When you add your first website inside webmaster.ninja, you will swiftly see a website screenshot. We managed to do that with a screenshot API, and this is the story of how we did it.

In the old version of our Website Manager the website screenshots were smaller and buggy. But, as we improved our Screenshot API, so have the results we saw in our list of websites.

Old webmaster.ninja with old Screenshot API results

New website manager with new Screenshot API

Since that version, we made a lot of changes both on our Website Manager, and the Screenshot API. I think that the results speak for themself and that the picture is, indeed, worth a thousand words. As you can see, the design is completely different, and all the screenshots are complete.

So, before we get to the nitty-gritty of how we implemented the Screenshot API and all the code examples that you can copy-paste, here’s an image of how the end result looks like. The screenshot below only shows the part with website cards, not the entire dashboard.

Website manager with Screenshot API example

How to get access to a Screenshot API

Let’s start at the beginning. You need to find a screenshot API provider. Our parent company WhoAPI Inc. has one, so it was a no-brainer for us. They are active since 2011 (over a decade) which is important for an API provider. You don’t want to integrate an API, and then next year the API shuts down, and then you have to find another one.

Also, you don’t want the API documentation to constantly change! You need boring stability so that you don’t have to make constant updates to your code! But, you also want the API provider to be flexible and add features that your application requires. This we highlighted in the screenshots above. We weren’t happy with the results at first, and then after adding some features like “screenshot delay” we were able to get a great result.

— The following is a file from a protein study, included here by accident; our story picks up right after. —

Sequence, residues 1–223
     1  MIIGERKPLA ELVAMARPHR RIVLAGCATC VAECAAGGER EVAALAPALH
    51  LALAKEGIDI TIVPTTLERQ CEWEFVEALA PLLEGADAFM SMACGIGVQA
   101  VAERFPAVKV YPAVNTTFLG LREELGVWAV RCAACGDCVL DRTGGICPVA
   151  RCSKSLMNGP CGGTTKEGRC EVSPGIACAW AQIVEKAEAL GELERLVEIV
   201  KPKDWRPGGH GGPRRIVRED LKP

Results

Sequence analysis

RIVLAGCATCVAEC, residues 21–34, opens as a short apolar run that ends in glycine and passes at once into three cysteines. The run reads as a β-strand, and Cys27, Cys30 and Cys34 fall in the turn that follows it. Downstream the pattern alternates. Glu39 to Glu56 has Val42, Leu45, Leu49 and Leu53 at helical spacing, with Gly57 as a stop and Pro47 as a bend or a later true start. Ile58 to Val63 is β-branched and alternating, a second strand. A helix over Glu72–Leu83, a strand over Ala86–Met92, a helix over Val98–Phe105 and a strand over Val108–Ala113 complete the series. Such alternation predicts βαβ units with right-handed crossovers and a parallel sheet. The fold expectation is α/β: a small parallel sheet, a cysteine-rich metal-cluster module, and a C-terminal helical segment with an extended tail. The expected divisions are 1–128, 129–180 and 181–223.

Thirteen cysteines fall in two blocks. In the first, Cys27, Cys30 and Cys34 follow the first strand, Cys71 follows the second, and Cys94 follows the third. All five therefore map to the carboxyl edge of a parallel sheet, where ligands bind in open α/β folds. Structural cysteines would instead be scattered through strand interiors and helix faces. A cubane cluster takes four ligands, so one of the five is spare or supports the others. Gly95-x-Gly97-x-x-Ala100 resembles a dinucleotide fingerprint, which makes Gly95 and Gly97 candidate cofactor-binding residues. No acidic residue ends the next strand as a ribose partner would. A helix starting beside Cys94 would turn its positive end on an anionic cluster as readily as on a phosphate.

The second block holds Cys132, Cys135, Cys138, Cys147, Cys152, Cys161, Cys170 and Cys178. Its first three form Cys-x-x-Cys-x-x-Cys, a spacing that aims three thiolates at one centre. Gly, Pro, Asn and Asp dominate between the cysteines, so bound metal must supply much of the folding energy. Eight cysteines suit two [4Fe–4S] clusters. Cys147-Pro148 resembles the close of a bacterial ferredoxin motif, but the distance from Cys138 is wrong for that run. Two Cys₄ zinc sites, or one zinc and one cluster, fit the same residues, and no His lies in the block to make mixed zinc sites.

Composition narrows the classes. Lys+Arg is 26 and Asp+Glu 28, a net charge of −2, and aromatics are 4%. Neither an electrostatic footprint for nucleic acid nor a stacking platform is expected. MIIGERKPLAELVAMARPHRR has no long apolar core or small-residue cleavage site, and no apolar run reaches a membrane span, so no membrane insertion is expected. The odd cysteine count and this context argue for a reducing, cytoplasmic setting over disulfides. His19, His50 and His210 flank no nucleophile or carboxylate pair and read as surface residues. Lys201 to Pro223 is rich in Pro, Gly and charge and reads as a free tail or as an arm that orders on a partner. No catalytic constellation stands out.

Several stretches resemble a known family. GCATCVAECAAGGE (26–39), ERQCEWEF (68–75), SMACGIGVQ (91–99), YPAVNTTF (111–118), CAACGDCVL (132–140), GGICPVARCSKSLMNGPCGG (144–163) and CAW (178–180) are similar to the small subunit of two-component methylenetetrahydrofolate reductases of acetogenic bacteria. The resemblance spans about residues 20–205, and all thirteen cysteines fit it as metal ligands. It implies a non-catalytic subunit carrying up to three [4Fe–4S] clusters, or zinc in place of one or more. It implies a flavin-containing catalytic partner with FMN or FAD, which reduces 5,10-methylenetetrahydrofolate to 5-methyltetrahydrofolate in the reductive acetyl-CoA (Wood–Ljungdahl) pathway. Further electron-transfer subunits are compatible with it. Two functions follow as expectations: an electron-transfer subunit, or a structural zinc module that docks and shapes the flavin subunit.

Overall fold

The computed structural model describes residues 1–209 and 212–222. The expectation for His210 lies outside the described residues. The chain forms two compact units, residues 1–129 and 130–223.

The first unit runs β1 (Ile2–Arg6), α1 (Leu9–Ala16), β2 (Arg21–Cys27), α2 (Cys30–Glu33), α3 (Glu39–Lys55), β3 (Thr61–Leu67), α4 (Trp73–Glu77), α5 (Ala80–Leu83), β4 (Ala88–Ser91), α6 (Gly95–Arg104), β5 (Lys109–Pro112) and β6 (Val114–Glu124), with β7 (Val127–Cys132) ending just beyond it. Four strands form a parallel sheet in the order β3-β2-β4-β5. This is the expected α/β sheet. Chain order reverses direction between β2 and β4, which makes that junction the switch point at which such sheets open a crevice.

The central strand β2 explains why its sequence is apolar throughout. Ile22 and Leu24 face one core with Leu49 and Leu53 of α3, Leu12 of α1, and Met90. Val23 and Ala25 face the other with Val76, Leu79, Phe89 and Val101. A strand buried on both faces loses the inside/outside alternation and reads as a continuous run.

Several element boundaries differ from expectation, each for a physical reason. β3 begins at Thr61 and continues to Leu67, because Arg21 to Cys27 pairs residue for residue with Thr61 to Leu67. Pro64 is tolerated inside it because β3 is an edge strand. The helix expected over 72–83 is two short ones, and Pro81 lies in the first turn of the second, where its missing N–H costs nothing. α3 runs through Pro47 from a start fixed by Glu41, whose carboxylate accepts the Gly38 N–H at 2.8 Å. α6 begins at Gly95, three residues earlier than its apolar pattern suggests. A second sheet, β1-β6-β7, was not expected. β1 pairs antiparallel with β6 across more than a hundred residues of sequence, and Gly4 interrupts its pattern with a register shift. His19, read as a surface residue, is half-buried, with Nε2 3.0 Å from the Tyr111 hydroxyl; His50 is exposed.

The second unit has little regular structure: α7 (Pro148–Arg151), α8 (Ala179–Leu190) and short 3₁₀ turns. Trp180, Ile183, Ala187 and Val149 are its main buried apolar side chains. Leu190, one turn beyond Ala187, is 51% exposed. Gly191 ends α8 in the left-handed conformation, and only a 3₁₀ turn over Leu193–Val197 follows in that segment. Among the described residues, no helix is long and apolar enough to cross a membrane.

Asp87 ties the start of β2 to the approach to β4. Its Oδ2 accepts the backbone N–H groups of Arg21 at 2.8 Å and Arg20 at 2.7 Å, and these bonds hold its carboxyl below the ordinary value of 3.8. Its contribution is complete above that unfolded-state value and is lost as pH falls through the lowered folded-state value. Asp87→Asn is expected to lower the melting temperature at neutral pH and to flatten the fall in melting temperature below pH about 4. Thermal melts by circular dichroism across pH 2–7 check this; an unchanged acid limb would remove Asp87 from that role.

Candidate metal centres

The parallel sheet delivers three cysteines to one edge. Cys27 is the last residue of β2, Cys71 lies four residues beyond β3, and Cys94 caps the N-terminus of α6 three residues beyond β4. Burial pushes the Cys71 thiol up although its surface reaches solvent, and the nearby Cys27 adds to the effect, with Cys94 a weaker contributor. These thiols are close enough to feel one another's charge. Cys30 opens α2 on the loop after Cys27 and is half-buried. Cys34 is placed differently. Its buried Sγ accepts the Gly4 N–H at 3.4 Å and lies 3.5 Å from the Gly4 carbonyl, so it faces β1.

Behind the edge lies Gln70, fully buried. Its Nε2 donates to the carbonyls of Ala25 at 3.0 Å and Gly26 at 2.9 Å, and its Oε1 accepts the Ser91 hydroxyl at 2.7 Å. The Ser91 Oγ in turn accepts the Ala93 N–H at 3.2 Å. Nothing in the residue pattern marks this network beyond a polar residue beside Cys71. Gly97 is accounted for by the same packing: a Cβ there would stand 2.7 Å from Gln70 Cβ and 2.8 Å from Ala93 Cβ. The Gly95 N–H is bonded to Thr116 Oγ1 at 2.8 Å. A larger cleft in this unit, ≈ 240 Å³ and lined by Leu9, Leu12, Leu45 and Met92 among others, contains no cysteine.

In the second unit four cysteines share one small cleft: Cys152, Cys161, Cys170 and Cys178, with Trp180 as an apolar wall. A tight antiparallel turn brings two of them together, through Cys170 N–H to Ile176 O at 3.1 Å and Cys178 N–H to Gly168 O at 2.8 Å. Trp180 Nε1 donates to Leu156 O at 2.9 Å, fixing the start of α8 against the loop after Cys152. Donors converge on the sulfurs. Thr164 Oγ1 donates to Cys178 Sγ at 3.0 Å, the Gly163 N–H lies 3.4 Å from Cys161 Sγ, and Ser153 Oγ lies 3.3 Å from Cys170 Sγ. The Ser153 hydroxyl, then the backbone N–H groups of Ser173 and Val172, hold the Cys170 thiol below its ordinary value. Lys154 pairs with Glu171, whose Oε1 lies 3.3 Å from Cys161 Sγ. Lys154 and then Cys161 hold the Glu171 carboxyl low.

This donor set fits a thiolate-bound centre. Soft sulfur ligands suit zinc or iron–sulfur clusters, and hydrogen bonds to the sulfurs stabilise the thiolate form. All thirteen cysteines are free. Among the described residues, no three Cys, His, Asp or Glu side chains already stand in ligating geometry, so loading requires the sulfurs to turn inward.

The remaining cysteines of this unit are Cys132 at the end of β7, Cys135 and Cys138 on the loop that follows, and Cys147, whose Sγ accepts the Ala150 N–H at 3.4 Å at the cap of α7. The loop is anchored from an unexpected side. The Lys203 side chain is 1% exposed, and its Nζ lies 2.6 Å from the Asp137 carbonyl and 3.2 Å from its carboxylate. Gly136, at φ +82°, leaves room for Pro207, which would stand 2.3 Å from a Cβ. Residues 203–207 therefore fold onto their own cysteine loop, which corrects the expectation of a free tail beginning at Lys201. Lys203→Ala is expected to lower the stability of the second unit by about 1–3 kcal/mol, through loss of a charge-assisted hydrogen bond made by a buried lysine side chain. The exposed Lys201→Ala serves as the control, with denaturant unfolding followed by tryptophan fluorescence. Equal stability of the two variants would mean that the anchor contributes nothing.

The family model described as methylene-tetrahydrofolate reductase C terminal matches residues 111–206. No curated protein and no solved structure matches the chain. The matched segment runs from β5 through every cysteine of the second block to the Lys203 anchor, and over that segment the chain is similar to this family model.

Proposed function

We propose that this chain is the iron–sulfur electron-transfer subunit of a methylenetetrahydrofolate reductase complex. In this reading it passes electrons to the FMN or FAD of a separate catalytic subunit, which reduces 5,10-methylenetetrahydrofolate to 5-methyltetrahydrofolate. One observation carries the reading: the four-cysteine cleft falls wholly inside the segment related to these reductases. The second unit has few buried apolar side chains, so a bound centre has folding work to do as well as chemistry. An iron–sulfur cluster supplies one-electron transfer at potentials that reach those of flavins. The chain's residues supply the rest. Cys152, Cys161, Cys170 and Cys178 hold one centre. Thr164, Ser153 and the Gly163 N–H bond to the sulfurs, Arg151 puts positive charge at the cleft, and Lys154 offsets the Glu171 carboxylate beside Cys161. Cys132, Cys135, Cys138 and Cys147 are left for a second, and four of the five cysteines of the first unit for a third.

Getting access to a Screenshot API is simple. You just register for an account on WhoAPI, and you instantly get an API key. This key will be used in every API request you make.

Complimentary 10,000 requests

At the moment, over at WhoAPI, they are celebrating their 10 year anniversary, so from now on, every new client gets 10,000 requests for free. This should be more than enough to get your application up and running. Once you have your API key, making your first API request is simple, fast, and easy. You can literally open the URL in your browser. Why? Well because it’s using the HTTP or HTTPS protocol!

A REST API (also known as RESTful API) is an application programming interface (API or web API) that conforms to the constraints of REST architectural style and allows for interaction with RESTful web services. REST stands for representational state transfer and was created by computer scientist Roy Fielding.

When a client request is made via a RESTful API, it transfers a representation of the state of the resource to the requester or endpoint. This information, or representation, is delivered in one of several formats via HTTP: JSON (Javascript Object Notation), HTML, XLT, Python, PHP, or plain text. JSON is the most generally popular programming language to use because, despite its name, it’s language-agnostic, as well as readable by both humans and machines. 

Source: https://www.redhat.com/en/topics/api/what-is-a-rest-api

Making your first Screenshot API request

The URL you are “hitting” or requesting will look something like this:


As a matter of fact, you can enter this exact URL in your own browser and see what happens. You will undoubtedly get a JSON response. Since we already have an API key, we will replace the “demokey” with our API key. An API key is just a long stream of letters and numbers that’s unique.

Once you make a request you will get a response that looks like this in your browser.

{"status":"0","full_size":"http:\/\/storage.googleapis.com\/whoapi-storage\/screenshots\/tmpfykDFs6j4V8UTaatHI.png","thumbnail":"http:\/\/storage.googleapis.com\/whoapi-storage\/screenshots\/rX2iU1g-CP75eyNTVVjTS.png","expires":"2021-09-10 10:24 GMT","size":"1366x768","full_size_https":"https:\/\/storage.googleapis.com\/whoapi-storage\/screenshots\/tmpfykDFs6j4V8UTaatHI.png","thumbnail_https":"https:\/\/storage.googleapis.com\/whoapi-storage\/screenshots\/rX2iU1g-CP75eyNTVVjTS.png","requests_available":471,"status_desc":"Successfully processed"}